Joongang Ilbo (Lee Chul-hee, “GOVERNMENT DRAWS UP BUDGET TO FIGHT TERROR,” 12/31/2001) reported that by January 2002 the cockpits of all Korean Air and Asiana Airlines jets will be outfitted with bulletproof doors and closed circuit television cameras to monitor passengers. Inspections at water purification facilities will increase from once a day to twice a day to guard against potential chemical attacks. These are just two provisions in a 150 billion won (US$110 million) anti- terrorism program announced by Kim Ho-sik, who is in charge of the Office for Government Policy Coordination. The Ministry of National Defense also announced steps to protect against terrorist attacks. Among them, the ministry will import enough anthrax vaccine for 7,000 soldiers next year. “We are planning to import 2 billion won worth of anthrax vaccines from the United States or Russia by the beginning of next year,” a ministry official said. The government is also considering establishing a special unit to guard against terrorist attacks using weapons of mass destruction.

4. DPRK Religious Issues

Joongang Ilbo (Lee Dong-hyun, “DPRK ASSERTS THAT RELIGION IS ALIVE,” Seoul, 12/31/2001) reported that according to an official paper of the Japanese organization Chongryon more than 200 people regularly attend Sunday service at the DPRK Bongsu church. The paper reported that foreigners and diplomats living in the DPRK attend the services alongside local residents. The paper was published to counter assertions by the US that the DPRK is a “country of particular concern” for denying religious freedoms to its citizens. The Chongryon paper said that there are about 500 religious meetings throughout the DPRK.

5. ROK-Japan Relations

The Korea Herald (Shin Yong-bae, “KIM, KOIZUMI HOPE FOR WORLD CUP SUCCESS,” Seoul, 1/1/2001) reported that ROK President Kim Dae-jung and Japanese Prime Minister Junichiro Koizumi expressed hopes for more active cultural and people exchanges between their countries during the joint effort to make the World Cup a success. Kim and Koizumi exchanged videotaped messages on New Year’s Day. The two governments had designated 2002 as “The Year of People Exchange” to celebrate their countries’ co-hosting of the international soccer tournament that opens May 31 of this year. “Active cultural and human exchanges between Koreans and Japanese will be a shortcut to further developing friendly relations between our countries,” Kim said.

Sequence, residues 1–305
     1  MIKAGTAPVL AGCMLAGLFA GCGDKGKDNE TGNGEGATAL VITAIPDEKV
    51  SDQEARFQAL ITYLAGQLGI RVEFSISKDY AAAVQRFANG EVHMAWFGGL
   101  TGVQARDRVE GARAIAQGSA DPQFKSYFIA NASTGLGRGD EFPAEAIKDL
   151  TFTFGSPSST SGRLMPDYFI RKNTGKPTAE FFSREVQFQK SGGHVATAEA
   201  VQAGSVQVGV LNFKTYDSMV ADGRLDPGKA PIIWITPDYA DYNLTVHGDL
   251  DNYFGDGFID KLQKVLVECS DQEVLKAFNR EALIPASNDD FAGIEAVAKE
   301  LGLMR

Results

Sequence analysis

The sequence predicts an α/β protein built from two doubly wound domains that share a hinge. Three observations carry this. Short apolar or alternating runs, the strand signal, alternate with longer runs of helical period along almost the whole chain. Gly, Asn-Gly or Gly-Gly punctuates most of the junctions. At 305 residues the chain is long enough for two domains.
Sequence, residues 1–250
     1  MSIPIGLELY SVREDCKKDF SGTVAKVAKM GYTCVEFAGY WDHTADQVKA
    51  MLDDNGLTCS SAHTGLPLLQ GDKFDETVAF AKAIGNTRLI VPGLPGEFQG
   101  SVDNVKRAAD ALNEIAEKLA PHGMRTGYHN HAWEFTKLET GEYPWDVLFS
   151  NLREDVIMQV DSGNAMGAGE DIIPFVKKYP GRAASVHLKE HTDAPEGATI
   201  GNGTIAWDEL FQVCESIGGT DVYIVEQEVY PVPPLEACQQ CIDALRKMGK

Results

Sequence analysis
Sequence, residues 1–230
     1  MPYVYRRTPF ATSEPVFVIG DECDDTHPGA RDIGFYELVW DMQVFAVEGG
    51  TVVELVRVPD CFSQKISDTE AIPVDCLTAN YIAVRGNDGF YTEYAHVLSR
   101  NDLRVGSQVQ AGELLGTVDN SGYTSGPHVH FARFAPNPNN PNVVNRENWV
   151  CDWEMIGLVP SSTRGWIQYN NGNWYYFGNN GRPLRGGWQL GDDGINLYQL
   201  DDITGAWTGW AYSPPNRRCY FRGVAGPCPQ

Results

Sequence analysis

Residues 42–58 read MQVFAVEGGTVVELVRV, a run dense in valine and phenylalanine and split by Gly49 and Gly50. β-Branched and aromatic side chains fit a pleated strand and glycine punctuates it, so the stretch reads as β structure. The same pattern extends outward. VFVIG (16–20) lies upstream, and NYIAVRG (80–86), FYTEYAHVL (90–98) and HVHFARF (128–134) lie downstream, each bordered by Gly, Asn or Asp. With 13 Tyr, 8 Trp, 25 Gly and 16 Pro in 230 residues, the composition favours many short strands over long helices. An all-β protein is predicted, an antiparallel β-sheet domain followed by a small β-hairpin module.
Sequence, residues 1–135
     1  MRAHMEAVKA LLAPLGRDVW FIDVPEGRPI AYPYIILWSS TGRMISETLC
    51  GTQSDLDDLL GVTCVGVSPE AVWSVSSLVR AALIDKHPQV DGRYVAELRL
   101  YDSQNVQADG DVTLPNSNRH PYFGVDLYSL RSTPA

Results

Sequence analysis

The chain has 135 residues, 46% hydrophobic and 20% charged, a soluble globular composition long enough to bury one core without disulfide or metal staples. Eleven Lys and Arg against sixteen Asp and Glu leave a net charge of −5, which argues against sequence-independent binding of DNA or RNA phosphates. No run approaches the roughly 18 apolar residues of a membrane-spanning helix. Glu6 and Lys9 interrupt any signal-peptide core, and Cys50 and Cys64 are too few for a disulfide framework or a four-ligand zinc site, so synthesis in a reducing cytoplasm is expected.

III. Japan

1. Japan-DPRK Relations

The Daily Yomiuri (“2 BODIES RECOVERED AFTER ‘SPY’ SHIP SINKS,” 12/24/01, 01) and Financial Times (Bayan Rahman, “BLOW FOR JAPAN’S LINKS WITH N KOREA,” Tokyo, 12/24/01, 06) reported that two bodies from the sinking of an unidentified ship were recovered on December 23 in the East China Sea. The vessel exchanged shots with Japanese coast guards after being warned to stop. Because one of the life jackets and belongings of the recovered bodies were written in Hangul characters, a Japanese coast guard source said that the ship was probably of DPRK origin. The ship was first spotted by a Maritime Safety Defense Force airplane on December 22 at about 4 p.m. approximately 150 kilometers northwest of Amami Oshima Island. Japan’s Prime Minister Junichiro Koizumi defended the coast guard’s action as an act of self-defense.

The Yomiuri Shinbum (“MYSTERY SHIP LAUNCHED ROCKET BOMB,” 12/25/01, 01) reported an unidentified ship suspected of being from the DPRK launched two rocket bombs at Japanese Maritime Safety patrol boats. Although the bombs did not hit their intended target, it was the first time guards of the Maritime Safety Agency have been attacked with heavy weapons.

2. Japan-PRC Relations